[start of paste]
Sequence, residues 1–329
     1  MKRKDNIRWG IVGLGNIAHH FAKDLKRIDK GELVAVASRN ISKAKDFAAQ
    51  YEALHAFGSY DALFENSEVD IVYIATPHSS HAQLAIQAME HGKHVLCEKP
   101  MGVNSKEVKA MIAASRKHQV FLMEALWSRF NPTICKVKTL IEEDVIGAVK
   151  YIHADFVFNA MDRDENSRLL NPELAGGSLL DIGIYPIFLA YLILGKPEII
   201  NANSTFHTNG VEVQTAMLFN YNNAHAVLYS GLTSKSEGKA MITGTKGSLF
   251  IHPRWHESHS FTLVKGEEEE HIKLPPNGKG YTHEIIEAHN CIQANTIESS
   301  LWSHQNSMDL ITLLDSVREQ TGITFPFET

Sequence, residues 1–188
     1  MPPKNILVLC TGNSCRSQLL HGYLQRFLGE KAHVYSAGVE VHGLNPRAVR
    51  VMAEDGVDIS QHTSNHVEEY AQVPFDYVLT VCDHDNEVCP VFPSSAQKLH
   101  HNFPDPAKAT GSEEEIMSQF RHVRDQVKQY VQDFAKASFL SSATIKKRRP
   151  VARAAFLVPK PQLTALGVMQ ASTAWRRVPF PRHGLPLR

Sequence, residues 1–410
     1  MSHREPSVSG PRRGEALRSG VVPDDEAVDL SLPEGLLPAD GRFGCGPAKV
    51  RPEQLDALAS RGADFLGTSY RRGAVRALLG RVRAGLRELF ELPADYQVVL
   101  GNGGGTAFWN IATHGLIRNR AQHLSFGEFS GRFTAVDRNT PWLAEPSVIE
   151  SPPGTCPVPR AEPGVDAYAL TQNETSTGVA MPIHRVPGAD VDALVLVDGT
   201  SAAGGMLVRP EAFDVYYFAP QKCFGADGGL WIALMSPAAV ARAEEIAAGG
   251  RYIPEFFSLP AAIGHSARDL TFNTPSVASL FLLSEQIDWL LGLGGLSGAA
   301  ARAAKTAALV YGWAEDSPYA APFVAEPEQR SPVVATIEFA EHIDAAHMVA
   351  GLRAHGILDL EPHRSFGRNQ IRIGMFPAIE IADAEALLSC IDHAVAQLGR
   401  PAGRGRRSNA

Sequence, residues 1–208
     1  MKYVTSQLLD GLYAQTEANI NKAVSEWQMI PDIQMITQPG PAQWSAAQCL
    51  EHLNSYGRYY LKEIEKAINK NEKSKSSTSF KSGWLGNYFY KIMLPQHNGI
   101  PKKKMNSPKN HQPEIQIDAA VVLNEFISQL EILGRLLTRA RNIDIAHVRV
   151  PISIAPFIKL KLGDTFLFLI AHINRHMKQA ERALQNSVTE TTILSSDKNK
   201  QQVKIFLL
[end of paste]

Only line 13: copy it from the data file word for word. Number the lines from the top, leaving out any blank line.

   151  VARAAFLVPK PQLTALGVMQ ASTAWRRVPF PRHGLPLR